“We were on the bus in Atlanta, and one of the leaders of the tour was there with a leader of one of the prominent African American communities,” says David Hall, a Morehouse College graduate who is a partner at Rise of the Rest (ROTR) Seed Fund. He helps Steve Case and the rest of the team convene regional Rise of the Rest bus tours around the country, visiting five cities in five days and investing at least $500,000 in local startups through pitch competitions. “I asked, ‘How often do you guys get together? There seems to be a great overlap.’ And they said, ‘We don’t know each other.’ It was unbelievable to us that two of the big ecosystem organization leaders didn’t even know each other. Bringing these communities together was really powerful. In Columbus, Ohio, we had a roundtable where we were talking about equity and inclusion in the startup ecosystem. A white guy who ran a company said, ‘How do we work to include diverse voices?’ There was a four- or five-second beat of silence, and a black guy said, ‘You invite us.’ I think there’s some obviously low-hanging fruit.”
Dr. Raphael W. Bostic, president and CEO of the Federal Reserve Bank of Atlanta, says one pillar of the bank’s strategic plan is to increase economic mobility and resilience, “which at its heart is about communities that have not been as robustly attached to the U.S. economy.” He also sees a need for more broad-based commitment across sectors. Every city has its unique narrative, he says, which often can come down to the personalities, visions and decisions of distinct individuals. “Different places will have different mixes,” he says, noting the paths taken by Atlanta and Birmingham, Alabama. “Here in Atlanta, Dan Cathy and Arthur Blank have committed to redevelop the area around Mercedes-Benz Stadium, and pledged to do it in a way that's not disruptive. The framework will be locally driven.”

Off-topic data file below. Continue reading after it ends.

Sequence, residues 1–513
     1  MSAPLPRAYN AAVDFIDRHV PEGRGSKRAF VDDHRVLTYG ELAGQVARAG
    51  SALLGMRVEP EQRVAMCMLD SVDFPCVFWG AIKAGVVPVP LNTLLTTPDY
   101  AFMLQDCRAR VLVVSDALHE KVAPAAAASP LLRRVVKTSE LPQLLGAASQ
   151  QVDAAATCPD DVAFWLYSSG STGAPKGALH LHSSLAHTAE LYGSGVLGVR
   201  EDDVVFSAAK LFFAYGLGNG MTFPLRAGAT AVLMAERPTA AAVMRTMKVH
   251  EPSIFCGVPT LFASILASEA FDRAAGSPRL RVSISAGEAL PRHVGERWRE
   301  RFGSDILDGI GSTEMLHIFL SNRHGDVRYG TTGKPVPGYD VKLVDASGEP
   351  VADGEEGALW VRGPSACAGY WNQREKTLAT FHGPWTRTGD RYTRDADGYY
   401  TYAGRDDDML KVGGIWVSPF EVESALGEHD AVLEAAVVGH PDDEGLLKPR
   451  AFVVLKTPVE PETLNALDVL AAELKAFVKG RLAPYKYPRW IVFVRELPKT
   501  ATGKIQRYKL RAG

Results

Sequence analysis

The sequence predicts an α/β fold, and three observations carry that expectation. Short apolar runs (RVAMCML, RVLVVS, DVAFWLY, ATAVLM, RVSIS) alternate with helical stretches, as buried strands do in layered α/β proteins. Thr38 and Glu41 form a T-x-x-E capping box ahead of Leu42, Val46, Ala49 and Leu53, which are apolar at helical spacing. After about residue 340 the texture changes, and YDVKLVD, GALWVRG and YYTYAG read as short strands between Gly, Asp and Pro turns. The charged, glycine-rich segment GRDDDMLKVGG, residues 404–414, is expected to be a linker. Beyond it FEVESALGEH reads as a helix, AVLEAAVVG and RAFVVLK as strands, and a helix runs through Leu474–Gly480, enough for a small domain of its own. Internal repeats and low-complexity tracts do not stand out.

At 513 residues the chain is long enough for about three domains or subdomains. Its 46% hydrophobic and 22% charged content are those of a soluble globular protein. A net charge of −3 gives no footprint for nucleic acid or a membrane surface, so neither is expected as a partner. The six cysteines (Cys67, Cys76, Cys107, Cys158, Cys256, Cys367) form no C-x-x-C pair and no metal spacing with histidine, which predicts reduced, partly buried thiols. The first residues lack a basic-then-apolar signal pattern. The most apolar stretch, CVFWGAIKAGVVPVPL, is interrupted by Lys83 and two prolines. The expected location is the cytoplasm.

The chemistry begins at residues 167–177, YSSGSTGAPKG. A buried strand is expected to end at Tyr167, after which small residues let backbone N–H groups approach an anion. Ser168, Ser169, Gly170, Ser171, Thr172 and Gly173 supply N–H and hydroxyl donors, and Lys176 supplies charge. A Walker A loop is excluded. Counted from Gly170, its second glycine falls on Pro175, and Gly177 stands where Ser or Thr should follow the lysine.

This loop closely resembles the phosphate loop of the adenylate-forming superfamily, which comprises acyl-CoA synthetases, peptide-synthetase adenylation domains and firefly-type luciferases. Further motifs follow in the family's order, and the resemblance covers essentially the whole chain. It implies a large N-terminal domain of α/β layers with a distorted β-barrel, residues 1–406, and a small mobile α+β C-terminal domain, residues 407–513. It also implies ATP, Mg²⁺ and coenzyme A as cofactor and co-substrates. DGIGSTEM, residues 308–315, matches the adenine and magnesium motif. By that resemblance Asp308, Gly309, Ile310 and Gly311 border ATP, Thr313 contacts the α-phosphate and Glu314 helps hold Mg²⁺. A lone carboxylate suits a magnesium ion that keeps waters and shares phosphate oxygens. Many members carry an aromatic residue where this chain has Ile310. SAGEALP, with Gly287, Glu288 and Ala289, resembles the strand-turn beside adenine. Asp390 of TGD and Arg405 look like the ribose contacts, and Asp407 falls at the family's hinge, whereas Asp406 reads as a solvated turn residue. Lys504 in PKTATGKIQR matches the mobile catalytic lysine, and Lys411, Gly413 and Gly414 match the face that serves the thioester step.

One of the leaders in Birmingham is Victor Brown, the vice president of business development at Birmingham Business Alliance who at one time was the Atlanta-based business manager for musicians and producers Outkast and Organized Noize before moving into commercial real estate and economic development. He compares a new data center project from Atlanta-based DC Blox in the black community of Titusville in Birmingham (where Condoleeza Rice grew up) to the past location of the headquarters of H.J. Russell, the national minority-owned construction contractor, on Fair St. in Atlanta.
“He didn't have to locate on Fair Street,” Brown says, “but the impact you have in a community is people can see what success looks like outside what has organically come up in the neighborhood. It can really shift the thinking.”
Andre Perry, the David M. Rubenstein Fellow at the Brookings Institution’s Metropolitan Policy Program, focuses his research on race and structural inequality, education, and economic inclusion. He sees a lot to like in Atlanta that you don’t find in many other cities, and corporations stepping to the plate are a big reason why.
“You don't get the black middle class the way you do in Atlanta without Delta, without the airport, without [former Atlanta Mayor] Maynard Jackson strategically leveraging contracts,” he says. “You see it with Delta, UPS, Coca-Cola, major companies with headquarters hiring significant numbers of black people. There are significant levels of poverty in Atlanta like a lot of cities. But there are large numbers of black people living the American dream — they can own a home, have some type of retirement fund, pass things along to their children. It comes not just from individuals trusting black people, but from major corporations making a home in a black city, and saying, ‘I'm going to trust that blacks can take my company to the next level.’”
A promising resource for economic growth beyond corporate largesse and social responsibility is individual entrepreneurs themselves. Below are two Atlanta stories about startups, an emerging technology scene, and how both can intersect with the city’s black communities.